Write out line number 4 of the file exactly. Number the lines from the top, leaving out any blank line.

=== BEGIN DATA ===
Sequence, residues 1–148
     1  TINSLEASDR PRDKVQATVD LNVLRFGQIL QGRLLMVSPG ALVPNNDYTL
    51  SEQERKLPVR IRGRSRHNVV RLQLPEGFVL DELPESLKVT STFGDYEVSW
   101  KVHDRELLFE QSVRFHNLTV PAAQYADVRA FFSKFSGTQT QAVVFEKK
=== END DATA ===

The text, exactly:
   101  KVHDRELLFE QSVRFHNLTV PAAQYADVRA FFSKFSGTQT QAVVFEKK